Sanctions and Financial Crime: Together or Apart?

The American federal law PL 115-44 (CAATSA) is well-known in Russia. It is associated with the codification of a large array of sanctions and other measures related to the Ukrainian crisis, the situation in Syria, Russian influence in Europe and Eurasia, etc.

The part of the law which resonates the most is that which specifies provisions against “Russian oligarchs”. At one time, the so-called “Kremlin report” (its open part) prompted a mixture of criticism and mockery for its superficiality. However, a number of CAATSA provisions were more global in nature, and not limited solely to Russia. They included articles 261 and 262, requiring the executive branch to prepare a national strategy to combat the financing of terrorism and other illegal financial transactions. The very spirit of CAATSA, with its anti-Russian inclination, made it possible to assume that the strategy would largely concern Russia. In particular, article 243 obliged the US government to prepare a similar report on Russia and update it annually until 2021. However, in the “Big strategy” of 2020, an updated version of which was issued strictly in accordance with the deadline set by Congress (January 31, 2020), Russia was hardly ever mentioned. The global risks it cites are associated with the illegal use of financial instruments; many other topics are covered and are only indirectly related to Russia, which is treated like any other country. However, for the relevant agencies, not to mention lawyers and corporate compliance departments, the Strategy will also be interesting. After all, many of the security challenges that are put forth by the Americans are relevant for our country.

Today, the United States occupies a leading position in the global financial system. The American dollar is a universal instrument of payment for transactions throughout the world. The American economy gains tremendous benefits while providing a favourable financial infrastructure for the whole world. But there are also problems. The first is the use of financial leadership for political purposes. The USA is the largest initiator of economic sanctions. Unlike any other country, the United States can afford to effectively impose sanctions regimes beyond its borders, effectively implementing them extraterritorially. Secondly, the colossal possibilities of the American system open up equally impressive opportunities for their use by organised crime, terrorists, corrupt officials and other fortune-seekers. Interestingly, such methods are widely used to circumvent US sanctions. That is, when faced with the first problem, targets of sanctions (individuals, organisations or even countries) often exacerbate the second one.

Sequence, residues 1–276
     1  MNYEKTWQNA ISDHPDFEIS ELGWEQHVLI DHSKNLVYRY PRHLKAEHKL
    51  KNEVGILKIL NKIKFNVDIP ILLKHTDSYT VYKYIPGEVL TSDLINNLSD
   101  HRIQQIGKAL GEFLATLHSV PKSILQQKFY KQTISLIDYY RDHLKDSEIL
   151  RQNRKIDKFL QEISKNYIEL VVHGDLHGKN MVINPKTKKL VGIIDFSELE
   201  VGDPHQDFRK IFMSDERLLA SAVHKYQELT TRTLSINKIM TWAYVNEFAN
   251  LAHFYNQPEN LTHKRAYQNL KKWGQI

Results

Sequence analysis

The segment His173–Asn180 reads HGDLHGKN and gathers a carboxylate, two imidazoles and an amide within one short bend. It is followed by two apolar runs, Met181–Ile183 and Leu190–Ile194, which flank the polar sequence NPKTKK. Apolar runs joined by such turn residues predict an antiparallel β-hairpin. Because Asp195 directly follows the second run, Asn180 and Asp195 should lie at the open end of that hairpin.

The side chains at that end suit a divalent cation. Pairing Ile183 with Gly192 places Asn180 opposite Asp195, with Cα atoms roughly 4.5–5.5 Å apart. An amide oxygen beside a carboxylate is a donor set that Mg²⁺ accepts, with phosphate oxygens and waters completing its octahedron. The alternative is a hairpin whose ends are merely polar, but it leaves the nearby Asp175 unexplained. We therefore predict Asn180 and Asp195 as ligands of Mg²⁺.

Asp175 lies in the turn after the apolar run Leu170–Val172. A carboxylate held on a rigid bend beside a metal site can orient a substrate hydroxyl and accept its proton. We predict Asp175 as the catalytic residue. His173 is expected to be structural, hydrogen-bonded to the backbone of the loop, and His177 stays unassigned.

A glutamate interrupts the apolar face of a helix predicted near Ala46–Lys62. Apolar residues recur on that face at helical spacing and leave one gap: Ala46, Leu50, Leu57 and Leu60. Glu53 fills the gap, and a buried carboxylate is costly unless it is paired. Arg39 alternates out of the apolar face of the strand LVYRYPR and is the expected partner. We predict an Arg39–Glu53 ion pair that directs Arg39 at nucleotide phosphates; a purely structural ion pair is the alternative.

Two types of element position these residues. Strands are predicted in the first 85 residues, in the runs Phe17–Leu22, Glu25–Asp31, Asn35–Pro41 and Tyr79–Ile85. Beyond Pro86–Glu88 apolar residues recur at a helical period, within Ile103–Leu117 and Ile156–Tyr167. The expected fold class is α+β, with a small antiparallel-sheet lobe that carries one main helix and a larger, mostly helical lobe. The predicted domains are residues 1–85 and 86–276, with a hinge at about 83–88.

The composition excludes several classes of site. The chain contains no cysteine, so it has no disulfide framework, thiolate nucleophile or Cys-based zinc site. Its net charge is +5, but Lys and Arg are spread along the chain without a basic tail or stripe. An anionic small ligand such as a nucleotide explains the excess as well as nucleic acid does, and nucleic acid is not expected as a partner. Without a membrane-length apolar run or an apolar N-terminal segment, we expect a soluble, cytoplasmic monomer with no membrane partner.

First of all, the authors of the Strategy mentioned as key threats money laundering and the financial support of a wide range of criminal activities (from  drug trafficking to the slave trade and from cybercrimes to fraudulent activity), as well as the financing of terrorism and the proliferation of weapons of mass destruction. Despite the fact that terrorism and WMDs are the most important challenges to international security, they seem to be incomparable in their scope with the activities of racketeers.